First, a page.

Hidetaka Suehiro is a very busy man. For the past several weeks, Suehiro, who we all know as Swery, has been flying across oceans promoting the first title from his White Owls studio. It’s called The Missing, though the official title is the much longer The Missing: J.J. MacField and the Island of Memories, and it’s a puzzle platformer set to release worldwide later this month. It’s his first game in four years, a welcomed return to the industry after D4: Dark Dreams Don’t Die. While review copies are already in the hands of the press, I got a chance to sit down with Swery in San Francisco at the end of September and test out this morbid new game one last time before launch.

The build was the same found at PAX West where I first tried it back in August. During that playtest session, I was able to see three of the four levels in the demo. This final pre-release hands-on gave me an opportunity to try out the level I missed. The stage, set in a graveyard, features an eclectic mix of puzzles and enemies that do well to showcase the type of variety the idea at the center of the game has to offer.

J.J. MacField is, with some limitations, immortal. Any damage done to her will just knock off a part of her body, which is used to solve the variety of puzzles found in each stage. She can get all the way down to a head and still keep going, but any damage after that means death. The graveyard stage has a few head-only areas, but the big gimmick of the level are the open graves and fire. Bodies are strewn about J.J.’s path and thick, wooden gates block her progression. Because I can’t open or crawl through these big wooden blockades, my only choice is to burn those mothers down using J.J.’s body as the match.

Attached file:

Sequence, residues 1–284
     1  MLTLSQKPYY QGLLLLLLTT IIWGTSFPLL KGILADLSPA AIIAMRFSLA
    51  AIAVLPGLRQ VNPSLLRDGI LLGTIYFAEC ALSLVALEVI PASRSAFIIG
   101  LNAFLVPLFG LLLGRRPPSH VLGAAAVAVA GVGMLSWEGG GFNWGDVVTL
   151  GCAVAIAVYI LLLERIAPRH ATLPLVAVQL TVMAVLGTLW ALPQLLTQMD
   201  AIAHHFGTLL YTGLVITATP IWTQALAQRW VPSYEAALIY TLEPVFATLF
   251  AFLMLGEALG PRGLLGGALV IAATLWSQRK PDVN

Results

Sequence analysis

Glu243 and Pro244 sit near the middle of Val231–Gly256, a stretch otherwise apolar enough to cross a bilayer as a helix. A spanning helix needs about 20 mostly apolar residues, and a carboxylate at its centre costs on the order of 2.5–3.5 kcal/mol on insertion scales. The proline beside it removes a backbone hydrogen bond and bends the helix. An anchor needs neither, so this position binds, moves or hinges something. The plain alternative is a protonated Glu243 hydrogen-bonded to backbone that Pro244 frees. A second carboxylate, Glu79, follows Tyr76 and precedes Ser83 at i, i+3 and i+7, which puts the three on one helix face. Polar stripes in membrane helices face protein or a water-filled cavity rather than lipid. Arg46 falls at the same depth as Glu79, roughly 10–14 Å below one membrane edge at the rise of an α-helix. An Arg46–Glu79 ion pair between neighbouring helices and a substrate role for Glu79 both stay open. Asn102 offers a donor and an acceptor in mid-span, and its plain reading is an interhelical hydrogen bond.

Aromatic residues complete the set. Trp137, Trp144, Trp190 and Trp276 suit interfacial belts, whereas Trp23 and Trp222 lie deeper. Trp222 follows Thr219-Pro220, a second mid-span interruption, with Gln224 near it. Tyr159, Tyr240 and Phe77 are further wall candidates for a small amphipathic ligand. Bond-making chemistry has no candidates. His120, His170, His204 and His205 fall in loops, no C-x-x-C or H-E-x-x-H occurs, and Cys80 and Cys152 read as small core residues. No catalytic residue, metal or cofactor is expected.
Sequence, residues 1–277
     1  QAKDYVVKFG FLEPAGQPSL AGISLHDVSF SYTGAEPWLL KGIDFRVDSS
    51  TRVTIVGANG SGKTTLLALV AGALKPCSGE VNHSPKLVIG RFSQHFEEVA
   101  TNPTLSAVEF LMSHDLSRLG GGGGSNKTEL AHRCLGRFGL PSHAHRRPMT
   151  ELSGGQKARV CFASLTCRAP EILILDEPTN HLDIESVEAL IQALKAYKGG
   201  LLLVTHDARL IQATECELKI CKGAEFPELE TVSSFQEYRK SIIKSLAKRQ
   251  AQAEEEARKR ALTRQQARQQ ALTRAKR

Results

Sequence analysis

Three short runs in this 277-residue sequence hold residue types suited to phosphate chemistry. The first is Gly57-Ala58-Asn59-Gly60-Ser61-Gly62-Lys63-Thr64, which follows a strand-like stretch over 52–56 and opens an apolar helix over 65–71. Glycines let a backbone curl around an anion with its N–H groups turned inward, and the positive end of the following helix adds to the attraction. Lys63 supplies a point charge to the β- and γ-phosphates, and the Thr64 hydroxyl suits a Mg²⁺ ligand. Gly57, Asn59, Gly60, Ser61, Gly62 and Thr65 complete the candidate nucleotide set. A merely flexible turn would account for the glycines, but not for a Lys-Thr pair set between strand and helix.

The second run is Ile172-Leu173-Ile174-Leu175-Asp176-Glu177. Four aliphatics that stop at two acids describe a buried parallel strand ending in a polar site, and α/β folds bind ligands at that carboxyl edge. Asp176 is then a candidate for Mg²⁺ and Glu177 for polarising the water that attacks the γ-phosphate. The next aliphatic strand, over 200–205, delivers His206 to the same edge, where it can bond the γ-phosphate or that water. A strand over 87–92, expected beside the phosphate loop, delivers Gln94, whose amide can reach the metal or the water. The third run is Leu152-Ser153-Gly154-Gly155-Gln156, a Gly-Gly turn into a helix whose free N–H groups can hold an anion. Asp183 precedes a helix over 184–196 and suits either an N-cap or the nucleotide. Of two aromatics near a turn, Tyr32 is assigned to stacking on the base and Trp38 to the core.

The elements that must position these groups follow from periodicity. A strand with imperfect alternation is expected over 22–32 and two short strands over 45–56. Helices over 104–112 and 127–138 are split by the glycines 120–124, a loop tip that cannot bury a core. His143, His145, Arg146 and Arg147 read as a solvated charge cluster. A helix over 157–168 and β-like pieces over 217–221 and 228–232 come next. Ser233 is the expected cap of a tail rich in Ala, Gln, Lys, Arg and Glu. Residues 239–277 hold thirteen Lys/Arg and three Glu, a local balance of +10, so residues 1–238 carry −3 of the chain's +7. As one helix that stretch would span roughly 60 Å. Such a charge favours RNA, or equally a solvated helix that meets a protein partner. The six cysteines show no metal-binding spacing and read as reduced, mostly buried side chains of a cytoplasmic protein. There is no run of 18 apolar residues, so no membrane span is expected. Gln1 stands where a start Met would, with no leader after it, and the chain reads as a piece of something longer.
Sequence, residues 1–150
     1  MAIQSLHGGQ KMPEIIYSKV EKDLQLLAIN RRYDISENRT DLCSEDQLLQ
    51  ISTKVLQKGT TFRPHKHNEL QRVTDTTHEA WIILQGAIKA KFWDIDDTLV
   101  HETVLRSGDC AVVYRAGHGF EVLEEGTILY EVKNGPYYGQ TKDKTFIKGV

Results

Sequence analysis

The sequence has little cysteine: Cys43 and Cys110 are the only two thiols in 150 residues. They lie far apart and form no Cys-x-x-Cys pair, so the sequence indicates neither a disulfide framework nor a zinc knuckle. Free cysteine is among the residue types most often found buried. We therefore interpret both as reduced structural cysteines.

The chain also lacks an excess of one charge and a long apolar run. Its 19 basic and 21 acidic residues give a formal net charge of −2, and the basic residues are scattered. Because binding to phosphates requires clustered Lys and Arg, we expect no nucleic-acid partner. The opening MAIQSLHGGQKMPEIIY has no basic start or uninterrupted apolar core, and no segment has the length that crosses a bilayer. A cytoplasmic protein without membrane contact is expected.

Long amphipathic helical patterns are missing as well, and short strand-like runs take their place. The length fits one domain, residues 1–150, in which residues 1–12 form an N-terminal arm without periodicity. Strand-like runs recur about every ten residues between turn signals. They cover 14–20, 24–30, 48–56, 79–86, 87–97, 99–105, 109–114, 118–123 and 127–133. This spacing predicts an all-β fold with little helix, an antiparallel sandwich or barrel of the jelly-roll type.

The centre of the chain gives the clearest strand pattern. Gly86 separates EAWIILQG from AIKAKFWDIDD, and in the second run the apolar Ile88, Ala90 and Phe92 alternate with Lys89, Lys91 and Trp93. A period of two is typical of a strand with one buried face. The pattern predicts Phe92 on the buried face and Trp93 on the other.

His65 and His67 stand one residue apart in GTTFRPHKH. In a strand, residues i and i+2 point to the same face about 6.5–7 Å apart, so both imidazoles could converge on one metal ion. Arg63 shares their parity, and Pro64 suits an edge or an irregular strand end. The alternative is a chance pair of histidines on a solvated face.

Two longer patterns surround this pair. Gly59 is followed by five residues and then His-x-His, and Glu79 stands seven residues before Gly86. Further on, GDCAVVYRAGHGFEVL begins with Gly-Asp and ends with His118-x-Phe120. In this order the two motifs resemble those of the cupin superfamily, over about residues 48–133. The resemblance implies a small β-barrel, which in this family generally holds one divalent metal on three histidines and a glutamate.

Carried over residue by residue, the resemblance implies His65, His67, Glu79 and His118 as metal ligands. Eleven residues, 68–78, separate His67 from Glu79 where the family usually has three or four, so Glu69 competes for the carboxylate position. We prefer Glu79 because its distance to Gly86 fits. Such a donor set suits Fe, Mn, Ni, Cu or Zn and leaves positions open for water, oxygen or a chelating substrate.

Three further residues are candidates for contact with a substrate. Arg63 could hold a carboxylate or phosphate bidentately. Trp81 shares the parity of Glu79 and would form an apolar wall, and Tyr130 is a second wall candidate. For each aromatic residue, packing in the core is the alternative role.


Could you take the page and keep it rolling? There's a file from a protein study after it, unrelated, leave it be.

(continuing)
As I played through this level, I recorded my conversation with Swery and his translator and going back and listening to it is a bit unnerving because of J.J.’s constant screaming as her body is kindled. When I first heard her back at PAX, or watched as her body rag-dolled across the stage after playing chicken with a wrecking ball, I laughed. It was funny. Part of it still is, but the joke becomes more and more serious with every gruesome injury she endures. Trying to get people to take this often absurd premise seriously has been a goal for Swery since he started showing the game off at conventions and online.

We talk with Swery about The Missing, The Good Life, and a Suda51 collaboration screenshot

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We talk with Swery about The Missing, The Good Life, and a Suda51 collaboration